Dental Disease in Cats

Dental disease is one of the most common health issues we see in cats. If your cat has bad breath, or shows indications of oral pain such as swollen, bleeding gums, pawing at its mouth or difficulty eating meals, your fur baby may be suffering from dental disease.

Dental disease (also known as periodontal disease) affects the teeth and surrounding tissue that plays a key role in supporting the teeth and keeping them healthy. Dental disease in cats is typically caused by a build-up of dental plaque produced by bacteria that live in the mouth and the formation of tartar.

Some plaque is removed during the process of eating or by movement of the tongue. However, the excess plaque mineralises to form a hardened crust of tartar. Dental disease (periodontitis) and gum disease (gingivitis) occur as a result of the body’s immune system responding to foreign matter — in this case, accumulated plaque.

The build-up of bacteria and tartar on the surfaces of the cat’s teeth can result in the gums becoming infected and inflamed (gingivitis). If veterinary attention is sought in the early stages, your veterinarian will scale and polish your cat’s teeth to remove the accumulated plaque, and chances of a full recovery are good. However, if the gum disease is left untreated, it will progress further, leading to dental disease resulting in irreversible damage.

Dental disease occurs when the ligaments and bone that support the teeth become infected or inflamed. As the disease progresses, the supporting tissues surrounding the tooth are damaged, causing teeth to become loose and eventually fall out. Bacteria can make their way into the tooth socket, resulting in a tooth abscess or infections in the jaw bone. Bacteria can also get into the bloodstream, where it can cause other health issues, including heart infections.

Once dental disease starts to cause degenerative changes to the teeth and supporting structures, the damage cannot be reversed. The damaged teeth and gums allow more plaque to accumulate, promoting further disease which leads to a downward spiral in oral health.

In order to prevent your cat from suffering from dental disease you need to prevent plaque and tartar from accumulating. There are two ways of doing this:

  1. Feed a diet that helps reduce the rate of tartar accumulation and promotes optimal oral health.
  2. Brush your pet’s teeth regularly to remove any plaque or tartar that has accumulated on the surface of the teeth. Purchase a soft toothbrush, preferably one that is specifically designed for cats, and only use a non-foaming pet toothpaste that is safe for your cat to swallow. Ask your veterinarian for advice and recommendations on the best oral health care products to use to keep your feline’s fangs as healthy as can be.

If you notice any sign of tartar build-up, gum disease, or indication that your pet is experiencing pain or discomfort when he eats, you should make an appointment for your veterinarian to examine him. Your veterinarian may recommend that your cat’s teeth are thoroughly cleaned, where they will be scaled and polished, and possibly, that he is x-rayed to determine the extent of damage to the gums, bone and other supporting structures. This will most likely have to be done while your pet is under general anaesthetic. Although in some cases, an anaesthetic-free dental may be offered.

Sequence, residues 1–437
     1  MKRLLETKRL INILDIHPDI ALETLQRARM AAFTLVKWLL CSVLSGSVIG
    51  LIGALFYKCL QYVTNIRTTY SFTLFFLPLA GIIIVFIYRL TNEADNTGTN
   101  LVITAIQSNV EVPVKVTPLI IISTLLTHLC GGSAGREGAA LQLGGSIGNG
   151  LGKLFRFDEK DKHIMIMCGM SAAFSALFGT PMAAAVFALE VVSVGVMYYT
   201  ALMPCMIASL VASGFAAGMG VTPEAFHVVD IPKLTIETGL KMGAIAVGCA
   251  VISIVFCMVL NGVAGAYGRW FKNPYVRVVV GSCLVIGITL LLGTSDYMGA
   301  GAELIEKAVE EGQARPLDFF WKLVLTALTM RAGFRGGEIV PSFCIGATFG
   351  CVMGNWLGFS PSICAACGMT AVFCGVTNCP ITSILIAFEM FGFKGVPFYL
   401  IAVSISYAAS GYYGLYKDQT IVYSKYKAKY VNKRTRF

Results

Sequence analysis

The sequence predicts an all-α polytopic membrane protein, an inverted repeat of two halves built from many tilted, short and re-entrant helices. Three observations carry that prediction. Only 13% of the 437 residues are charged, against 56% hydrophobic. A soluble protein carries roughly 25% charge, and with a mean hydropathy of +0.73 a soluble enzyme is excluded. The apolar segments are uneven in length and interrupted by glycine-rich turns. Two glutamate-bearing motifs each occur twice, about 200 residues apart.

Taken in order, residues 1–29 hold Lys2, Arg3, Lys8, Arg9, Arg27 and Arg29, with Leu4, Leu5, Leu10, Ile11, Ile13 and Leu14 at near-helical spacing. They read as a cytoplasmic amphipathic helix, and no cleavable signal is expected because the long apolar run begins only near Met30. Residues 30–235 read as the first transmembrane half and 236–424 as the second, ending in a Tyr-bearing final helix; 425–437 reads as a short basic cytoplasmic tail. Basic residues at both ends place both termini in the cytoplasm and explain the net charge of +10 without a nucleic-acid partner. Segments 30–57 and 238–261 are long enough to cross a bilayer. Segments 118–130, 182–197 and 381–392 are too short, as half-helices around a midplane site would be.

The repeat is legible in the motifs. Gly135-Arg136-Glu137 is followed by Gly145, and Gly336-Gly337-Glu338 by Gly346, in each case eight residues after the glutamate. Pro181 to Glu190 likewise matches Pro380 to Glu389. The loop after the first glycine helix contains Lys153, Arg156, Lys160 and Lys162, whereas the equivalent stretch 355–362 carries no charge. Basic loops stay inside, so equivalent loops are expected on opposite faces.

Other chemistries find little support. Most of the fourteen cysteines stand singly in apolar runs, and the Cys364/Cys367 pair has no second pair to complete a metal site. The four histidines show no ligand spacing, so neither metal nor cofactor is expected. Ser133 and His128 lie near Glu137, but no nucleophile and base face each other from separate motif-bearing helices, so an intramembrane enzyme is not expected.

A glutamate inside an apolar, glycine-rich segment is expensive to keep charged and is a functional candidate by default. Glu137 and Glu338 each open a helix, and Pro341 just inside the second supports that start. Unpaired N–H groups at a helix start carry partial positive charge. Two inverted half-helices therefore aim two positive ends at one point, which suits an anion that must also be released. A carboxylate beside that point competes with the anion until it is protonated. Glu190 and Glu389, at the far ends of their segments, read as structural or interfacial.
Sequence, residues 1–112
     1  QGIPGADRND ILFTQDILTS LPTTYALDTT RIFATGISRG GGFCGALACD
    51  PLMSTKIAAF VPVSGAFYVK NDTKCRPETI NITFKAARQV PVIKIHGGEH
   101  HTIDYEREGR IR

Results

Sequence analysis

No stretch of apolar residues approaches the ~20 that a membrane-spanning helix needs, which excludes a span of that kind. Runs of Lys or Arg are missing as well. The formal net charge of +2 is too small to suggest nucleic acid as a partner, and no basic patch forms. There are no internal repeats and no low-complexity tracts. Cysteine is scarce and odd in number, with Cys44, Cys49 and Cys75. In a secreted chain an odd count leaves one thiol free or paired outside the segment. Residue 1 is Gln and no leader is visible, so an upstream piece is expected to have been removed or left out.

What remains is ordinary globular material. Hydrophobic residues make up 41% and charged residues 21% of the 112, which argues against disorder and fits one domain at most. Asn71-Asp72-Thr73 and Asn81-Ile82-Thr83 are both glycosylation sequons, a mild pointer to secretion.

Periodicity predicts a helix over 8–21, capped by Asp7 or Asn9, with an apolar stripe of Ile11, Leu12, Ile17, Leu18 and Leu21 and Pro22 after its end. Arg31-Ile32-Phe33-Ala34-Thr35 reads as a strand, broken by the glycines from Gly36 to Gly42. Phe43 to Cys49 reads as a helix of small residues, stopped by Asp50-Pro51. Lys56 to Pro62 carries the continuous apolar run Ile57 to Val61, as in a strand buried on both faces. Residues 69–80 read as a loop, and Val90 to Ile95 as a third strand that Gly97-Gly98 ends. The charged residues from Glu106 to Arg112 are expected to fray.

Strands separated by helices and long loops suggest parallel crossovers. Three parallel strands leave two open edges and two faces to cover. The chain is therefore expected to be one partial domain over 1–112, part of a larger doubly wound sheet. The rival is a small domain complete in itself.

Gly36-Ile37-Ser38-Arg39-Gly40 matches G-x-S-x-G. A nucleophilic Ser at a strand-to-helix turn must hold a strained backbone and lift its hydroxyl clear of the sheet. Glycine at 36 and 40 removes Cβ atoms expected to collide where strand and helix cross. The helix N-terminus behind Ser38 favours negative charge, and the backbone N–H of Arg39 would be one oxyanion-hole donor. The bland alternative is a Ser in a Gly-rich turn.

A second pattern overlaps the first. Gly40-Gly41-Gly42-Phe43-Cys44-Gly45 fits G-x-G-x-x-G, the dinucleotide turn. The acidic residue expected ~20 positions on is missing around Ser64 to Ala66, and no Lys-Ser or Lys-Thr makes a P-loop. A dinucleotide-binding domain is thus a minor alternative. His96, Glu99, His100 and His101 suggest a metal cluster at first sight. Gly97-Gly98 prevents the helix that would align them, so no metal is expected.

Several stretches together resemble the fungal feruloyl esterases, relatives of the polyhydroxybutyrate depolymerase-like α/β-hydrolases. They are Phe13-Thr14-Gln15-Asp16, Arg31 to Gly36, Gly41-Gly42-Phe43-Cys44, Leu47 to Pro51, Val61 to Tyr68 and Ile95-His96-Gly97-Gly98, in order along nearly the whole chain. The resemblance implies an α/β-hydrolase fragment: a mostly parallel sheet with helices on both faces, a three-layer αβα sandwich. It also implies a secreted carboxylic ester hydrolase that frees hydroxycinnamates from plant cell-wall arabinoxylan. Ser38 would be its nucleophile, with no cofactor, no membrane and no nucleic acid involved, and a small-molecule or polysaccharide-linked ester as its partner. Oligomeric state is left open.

The rate at which tartar accumulates varies significantly from cat to cat. In severe cases, a cat may need to have his teeth professionally cleaned once or twice a year. Consult with your veterinarian, who will be able to determine how often your pet should have this done.

While you can brush your pet’s teeth to help prevent plaque and tartar from accumulating, never try to scrape tartar from your pet’s teeth yourself using a metal instrument. Besides the fact that you run the risk of injuring your cat’s mouth, or him injuring you, you can also scratch the surface of the teeth, providing a rough surface for bacteria to attach to, promoting further plaque formation, exacerbating the problem further. This is why the professional dental cleaning procedure conducted by the veterinarian includes polishing to smooth the tooth surface after the tartar has been scraped off during the descaling process.

Like anything, prevention is better than cure. Keep an eye on your cat’s gums and teeth. If you notice any sign of dental disease in your pet, consult with your veterinarian who can advise you on the best course of action to take. Feeding an appropriate diet that promotes optimal oral health, together with regular brushing or dental scale and polishes to remove any tartar that has accumulated are best practices to prevent dental disease in cats.

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